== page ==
Burma and Sichuan in the east. The Tibetan Plateau is included in the
north, and in the south the area covered includes the Himalayan
foothills, the Terai, the Meghalaya and the hill tracts geophysically
related to the Himalayas, e.g. Nagaland and Manipur. The term
"language" was chosen as opposed to "linguistics" to purposely broaden
the scope of the symposium beyond linguistics proper, so as to allow
those working in kindred disciplines, such as archaeology, history,
philology, and anthropology, to present their research pertaining to
Himalayan languages and language communities. The special Parasession
on Language and Culture in the Himalayan Context constitutes a
deliberate effort to expand the scope of the Symposium in this way.

The Secretariat for this annually-convening Symposium is the Himalayan
Languages Project at Leiden University in the Netherlands. The Project
graciously hosted the first two Symposia, the second of which was held in
conjunction with the International Conference on Sino-Tibetan Languages
and Linguistics. Ideally, the Symposium will be held in a different
country each year. Potential hosts of future Symposia should contact
Carol Genetti as current organizer, or George van Driem of the
Secretariat. 

ABOUT THE 3rd HLS
This year's conference will be held at the University of California,
on the Santa Barbara campus. Santa Barbara is located about 100 miles
north of Los Angeles on the beautiful California coast. Participants
housed in dormitories on campus will be within walking distance of the
beach, an excellent place for sunbathing, swimming, and
surfing. Information on accommodations and transportation will be
included with the second circular.

FOR MORE INFORMATION
If you require additional information about the 3rd Himalayan Languages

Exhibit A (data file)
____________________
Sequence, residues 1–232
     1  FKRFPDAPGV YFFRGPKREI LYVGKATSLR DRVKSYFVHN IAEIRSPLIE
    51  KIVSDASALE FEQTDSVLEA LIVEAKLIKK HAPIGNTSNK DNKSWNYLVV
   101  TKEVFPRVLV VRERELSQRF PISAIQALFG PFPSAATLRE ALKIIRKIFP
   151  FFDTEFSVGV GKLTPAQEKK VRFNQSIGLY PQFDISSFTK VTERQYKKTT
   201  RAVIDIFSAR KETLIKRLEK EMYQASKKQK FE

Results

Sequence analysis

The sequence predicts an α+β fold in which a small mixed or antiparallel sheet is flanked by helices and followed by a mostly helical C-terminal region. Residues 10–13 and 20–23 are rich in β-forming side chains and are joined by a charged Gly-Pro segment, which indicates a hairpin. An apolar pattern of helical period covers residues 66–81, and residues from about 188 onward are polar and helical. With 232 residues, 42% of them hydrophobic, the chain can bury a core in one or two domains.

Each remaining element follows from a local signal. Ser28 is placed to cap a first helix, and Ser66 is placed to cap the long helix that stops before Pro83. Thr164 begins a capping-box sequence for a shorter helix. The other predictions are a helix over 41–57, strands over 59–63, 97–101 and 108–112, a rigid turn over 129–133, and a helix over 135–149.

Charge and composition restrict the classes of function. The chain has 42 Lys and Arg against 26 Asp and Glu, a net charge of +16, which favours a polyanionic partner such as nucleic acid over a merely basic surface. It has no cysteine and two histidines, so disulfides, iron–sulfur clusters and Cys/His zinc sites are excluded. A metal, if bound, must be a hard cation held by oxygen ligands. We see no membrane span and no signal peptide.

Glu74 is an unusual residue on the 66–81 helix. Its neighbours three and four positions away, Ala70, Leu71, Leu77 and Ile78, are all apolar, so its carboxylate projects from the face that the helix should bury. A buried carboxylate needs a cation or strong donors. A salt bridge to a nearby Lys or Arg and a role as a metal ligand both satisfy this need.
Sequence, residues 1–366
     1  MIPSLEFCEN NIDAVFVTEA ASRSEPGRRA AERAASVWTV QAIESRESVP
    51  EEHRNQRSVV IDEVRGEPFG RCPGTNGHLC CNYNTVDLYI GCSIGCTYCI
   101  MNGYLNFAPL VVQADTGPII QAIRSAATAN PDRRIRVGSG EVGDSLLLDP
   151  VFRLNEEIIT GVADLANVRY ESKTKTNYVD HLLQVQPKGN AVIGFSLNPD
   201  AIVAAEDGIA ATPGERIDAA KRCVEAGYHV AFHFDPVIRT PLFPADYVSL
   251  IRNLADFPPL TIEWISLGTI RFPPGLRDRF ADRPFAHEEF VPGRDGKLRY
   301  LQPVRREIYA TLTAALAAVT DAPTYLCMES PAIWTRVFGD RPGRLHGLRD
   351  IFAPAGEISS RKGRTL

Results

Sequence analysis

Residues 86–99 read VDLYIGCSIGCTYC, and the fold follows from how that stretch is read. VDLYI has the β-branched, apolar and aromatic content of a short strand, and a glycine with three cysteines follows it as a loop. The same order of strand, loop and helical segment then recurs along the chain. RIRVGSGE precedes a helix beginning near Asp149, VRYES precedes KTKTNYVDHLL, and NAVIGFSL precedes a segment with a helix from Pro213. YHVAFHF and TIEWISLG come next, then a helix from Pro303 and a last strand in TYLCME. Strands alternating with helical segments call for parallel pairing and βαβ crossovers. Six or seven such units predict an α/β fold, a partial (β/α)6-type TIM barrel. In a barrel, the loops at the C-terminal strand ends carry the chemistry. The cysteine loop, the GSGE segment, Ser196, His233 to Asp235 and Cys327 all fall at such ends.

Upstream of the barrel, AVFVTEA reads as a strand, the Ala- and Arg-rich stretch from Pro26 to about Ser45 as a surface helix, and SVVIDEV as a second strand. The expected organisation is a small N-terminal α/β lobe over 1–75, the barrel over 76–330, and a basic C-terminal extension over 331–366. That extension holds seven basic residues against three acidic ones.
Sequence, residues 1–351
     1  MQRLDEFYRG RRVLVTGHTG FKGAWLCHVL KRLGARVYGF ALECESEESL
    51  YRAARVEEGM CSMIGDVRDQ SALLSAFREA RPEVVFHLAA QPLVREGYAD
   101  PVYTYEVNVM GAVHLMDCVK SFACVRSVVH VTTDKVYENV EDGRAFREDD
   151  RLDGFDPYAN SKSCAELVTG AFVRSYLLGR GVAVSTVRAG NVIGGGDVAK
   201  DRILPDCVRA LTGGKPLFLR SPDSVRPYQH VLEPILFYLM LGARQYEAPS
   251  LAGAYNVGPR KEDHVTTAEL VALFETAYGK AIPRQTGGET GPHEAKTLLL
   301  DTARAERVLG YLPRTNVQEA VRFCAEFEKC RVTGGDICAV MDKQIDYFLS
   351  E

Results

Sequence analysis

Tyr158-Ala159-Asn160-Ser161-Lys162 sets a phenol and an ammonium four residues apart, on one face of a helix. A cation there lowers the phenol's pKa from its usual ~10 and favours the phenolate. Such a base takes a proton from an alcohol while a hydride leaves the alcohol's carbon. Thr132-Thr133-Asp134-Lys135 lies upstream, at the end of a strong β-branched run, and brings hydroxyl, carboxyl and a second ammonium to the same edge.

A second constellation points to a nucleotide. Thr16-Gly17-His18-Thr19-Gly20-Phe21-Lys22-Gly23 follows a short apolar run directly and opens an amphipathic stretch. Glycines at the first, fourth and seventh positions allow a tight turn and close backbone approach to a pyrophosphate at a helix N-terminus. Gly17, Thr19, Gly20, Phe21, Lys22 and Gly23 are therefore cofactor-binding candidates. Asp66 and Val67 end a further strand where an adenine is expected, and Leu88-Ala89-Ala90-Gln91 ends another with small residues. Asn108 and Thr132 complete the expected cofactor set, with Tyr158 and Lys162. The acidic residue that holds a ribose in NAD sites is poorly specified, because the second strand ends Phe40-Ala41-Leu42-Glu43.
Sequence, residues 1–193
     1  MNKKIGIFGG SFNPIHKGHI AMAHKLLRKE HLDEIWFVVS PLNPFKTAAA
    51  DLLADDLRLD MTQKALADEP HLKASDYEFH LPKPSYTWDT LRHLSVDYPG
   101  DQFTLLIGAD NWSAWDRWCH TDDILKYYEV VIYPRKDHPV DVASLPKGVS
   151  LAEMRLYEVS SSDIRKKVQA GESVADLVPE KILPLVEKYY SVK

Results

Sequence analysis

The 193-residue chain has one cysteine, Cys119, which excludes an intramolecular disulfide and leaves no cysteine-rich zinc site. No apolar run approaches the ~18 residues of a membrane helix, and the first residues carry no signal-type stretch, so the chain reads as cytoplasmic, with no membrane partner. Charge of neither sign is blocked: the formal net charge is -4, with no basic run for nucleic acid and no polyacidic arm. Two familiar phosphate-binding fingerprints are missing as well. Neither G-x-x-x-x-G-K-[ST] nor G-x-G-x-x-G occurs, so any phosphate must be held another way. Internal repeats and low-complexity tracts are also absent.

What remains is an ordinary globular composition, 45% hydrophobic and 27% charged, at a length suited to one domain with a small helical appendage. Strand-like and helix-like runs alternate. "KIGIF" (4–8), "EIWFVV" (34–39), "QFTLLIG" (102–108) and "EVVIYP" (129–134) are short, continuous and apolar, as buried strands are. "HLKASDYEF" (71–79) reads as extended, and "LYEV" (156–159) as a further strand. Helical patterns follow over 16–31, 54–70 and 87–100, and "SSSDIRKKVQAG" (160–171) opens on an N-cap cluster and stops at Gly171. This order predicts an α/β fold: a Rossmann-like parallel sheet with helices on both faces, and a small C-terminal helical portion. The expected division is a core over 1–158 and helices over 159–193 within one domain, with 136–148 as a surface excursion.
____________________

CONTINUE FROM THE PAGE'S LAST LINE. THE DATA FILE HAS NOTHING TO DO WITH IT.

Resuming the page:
Symposium, or if you would like your name to be added to the mailing list,
please contact: 

	Organizing Committee	
	Himalayan Languages Symposium		e-mail: hlsvowel.ucsb.edu
	Department of Linguistics		phone: 	(805) 893-3574
	University of California		fax:	(805) 893-7769
	Santa Barbara, CA 93106
	USA

Information is also available on our web page: http://vowel.ucsb.edu/hls

 PLEASE POST AND DISTRIBUTE THIS ANNOUNCEMENT

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Message 2: Symposium Code Switching

Date: Thu, 6 Feb 1997 16:27:24 MET
From: Riny Huybregts <Riny.Huijbregtskub.nl>
Subject: Symposium Code Switching

THE TILBURG UNIVERSITY WORKSHOP ON CODE SWITCHING AND LANGUAGE CHANGE
May 15-16, 1997 Organizers: Hendrik Boeschoten (Language & Minorities
Group) & Riny Huybregts (Grammar Models group) Deadline for submitting
abstracts: March 15, 1997 CALL FOR PAPERS

Code switching and Language Change
Code switching (CS) is a perfectly normal way of linguistic behavior
of bilingual speakers and can be studied from several perspectives
like any other aspect of linguistic activity. The workshop will
primarily focus on general rules and principles which underlie these